a. big influx of which i phone you want to speak to be very compelling. you stand shoulder to shoulder with the disaster victims. the photographer has been traveling to flood zones for some 12 years now collecting material for his long term project drowning world. he was inspired by becoming a father. he wanted to give his children some idea of the challenges their world would be facing in the future. with climate change you know in the last 20 years the more i think we're looking towards a future where flooding is going to become you know more and more frequent and more and more scary part of our lives. amanda has lived in london since the early 1990 s. . he frequents a park in the north of the british capital. and she sees it as a special place the site of
a pioneering feat of engineering and urban water hygiene and early sewage works. it's one of the places where they 1st began to filter london's water so they you know there were various color breaks out. in the 18th century and they used the creation to filter water through. clean water is also a priority for these brazilians washing the walls of their homes in the hope that the floods will soon recede. the photographer found the images of climate change familiar from the news too impersonal images of polar bears and. distant places and i thought there's a strong need for something which was surreal and i wanted to make something which could be very impactful where kind of the victims of climate change could look you directly in the eyes they are survivors the man from the amazon and from india.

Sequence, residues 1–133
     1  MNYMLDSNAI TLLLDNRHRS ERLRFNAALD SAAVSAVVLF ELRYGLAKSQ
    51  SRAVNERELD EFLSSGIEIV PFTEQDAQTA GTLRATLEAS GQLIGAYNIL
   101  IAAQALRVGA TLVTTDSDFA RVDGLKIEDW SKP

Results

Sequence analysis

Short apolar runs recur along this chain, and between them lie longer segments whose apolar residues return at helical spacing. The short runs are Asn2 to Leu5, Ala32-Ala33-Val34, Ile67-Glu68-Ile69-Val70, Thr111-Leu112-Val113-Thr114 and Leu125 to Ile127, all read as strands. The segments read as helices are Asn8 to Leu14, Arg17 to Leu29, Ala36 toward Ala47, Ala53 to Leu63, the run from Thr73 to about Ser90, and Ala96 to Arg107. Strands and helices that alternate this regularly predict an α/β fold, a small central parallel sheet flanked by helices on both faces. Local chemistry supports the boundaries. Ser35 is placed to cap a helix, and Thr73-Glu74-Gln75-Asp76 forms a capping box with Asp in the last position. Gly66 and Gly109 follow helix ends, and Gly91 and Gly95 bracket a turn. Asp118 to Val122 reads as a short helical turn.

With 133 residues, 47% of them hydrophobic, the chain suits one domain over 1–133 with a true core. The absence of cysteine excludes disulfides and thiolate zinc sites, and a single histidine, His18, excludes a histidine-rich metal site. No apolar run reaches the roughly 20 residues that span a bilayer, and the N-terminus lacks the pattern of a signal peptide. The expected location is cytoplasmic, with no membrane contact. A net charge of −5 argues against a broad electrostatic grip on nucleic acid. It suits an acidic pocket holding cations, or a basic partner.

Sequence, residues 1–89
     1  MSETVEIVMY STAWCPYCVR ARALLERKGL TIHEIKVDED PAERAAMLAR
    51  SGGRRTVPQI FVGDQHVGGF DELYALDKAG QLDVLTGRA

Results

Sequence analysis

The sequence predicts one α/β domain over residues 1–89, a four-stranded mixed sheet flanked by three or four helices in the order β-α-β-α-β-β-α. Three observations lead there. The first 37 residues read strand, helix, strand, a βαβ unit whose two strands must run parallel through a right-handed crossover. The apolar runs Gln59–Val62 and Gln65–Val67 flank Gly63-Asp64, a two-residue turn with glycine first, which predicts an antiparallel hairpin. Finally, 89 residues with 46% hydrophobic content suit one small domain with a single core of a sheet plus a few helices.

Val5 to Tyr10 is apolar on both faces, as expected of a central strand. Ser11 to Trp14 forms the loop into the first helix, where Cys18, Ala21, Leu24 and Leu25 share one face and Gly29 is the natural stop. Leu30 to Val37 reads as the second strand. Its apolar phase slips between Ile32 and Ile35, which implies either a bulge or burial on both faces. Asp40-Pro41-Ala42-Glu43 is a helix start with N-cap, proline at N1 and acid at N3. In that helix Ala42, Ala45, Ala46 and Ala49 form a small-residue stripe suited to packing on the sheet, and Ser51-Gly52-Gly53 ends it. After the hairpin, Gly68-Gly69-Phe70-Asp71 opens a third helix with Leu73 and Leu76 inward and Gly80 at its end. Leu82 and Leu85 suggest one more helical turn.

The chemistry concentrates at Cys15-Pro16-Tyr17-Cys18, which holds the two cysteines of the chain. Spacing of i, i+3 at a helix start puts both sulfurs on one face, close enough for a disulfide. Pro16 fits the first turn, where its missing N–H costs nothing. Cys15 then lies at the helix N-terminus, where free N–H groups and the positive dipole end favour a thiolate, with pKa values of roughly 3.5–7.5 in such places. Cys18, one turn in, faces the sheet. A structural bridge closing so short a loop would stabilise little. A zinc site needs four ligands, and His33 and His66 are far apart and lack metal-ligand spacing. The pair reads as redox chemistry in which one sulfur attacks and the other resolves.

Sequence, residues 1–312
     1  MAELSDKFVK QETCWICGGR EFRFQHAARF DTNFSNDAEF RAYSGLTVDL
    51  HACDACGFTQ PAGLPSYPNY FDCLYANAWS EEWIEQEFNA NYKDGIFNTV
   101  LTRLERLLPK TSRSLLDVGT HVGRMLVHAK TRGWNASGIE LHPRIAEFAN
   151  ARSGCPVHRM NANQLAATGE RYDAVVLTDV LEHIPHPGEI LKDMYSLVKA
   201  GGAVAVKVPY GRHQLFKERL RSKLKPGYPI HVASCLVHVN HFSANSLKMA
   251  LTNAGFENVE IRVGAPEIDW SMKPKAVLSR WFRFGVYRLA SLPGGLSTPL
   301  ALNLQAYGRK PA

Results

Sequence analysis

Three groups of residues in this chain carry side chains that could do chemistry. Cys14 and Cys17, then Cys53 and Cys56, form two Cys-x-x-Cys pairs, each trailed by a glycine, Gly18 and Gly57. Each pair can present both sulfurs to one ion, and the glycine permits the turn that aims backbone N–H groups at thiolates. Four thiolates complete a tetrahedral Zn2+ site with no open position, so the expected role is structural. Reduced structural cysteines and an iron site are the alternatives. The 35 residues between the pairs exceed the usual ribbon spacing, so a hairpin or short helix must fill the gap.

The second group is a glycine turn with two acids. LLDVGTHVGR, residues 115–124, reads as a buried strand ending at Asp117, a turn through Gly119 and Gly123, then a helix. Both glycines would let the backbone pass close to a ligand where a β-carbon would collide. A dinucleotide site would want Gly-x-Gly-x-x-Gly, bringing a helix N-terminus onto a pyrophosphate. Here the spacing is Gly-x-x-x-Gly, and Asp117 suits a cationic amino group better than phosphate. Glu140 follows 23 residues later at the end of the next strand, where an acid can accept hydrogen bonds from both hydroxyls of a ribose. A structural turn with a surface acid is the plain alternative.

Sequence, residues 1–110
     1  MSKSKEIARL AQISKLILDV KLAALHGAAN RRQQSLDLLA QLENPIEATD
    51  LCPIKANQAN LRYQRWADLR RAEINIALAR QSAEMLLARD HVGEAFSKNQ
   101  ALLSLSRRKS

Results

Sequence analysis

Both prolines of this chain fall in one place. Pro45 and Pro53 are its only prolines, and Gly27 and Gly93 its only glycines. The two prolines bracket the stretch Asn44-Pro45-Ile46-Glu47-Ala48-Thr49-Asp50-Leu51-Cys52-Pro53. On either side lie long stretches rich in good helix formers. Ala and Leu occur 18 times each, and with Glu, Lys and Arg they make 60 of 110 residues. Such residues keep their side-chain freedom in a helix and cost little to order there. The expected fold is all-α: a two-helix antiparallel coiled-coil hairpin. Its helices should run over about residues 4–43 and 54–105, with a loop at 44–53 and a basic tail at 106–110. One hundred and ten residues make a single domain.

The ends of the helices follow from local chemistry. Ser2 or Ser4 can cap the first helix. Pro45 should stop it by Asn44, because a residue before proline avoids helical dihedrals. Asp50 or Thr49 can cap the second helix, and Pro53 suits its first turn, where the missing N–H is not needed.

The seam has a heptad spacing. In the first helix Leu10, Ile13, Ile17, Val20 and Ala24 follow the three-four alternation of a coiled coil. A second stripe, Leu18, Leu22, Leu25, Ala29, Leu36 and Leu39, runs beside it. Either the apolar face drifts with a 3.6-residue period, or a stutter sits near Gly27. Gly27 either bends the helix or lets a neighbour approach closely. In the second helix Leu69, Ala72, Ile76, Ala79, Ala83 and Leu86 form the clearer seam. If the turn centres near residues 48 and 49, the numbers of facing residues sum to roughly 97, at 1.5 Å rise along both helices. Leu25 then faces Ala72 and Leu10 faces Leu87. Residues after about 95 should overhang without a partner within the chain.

many of them lost their homes and possessions. but not their dignity. their waiting to return to their houses like florence abraham from nigeria. mendel met her in a transit camp she took him to her father's house. she was a poker her home and her very crude was completely flooded there she lost everything. men don't offer her a few dollars in thanks for her willingness to take part in his photo project i try to give her the money and she said to me no i don't want your money i want you to show the world what's happened to me. also wanted to show the world what was happening when he shot his 1st photos in the 1980 s. images of racial unrest in his home country south africa. over the years that it has evolved he gave up the austere black and white for color and distance himself from the long established photo essay style for magazines. began to strive for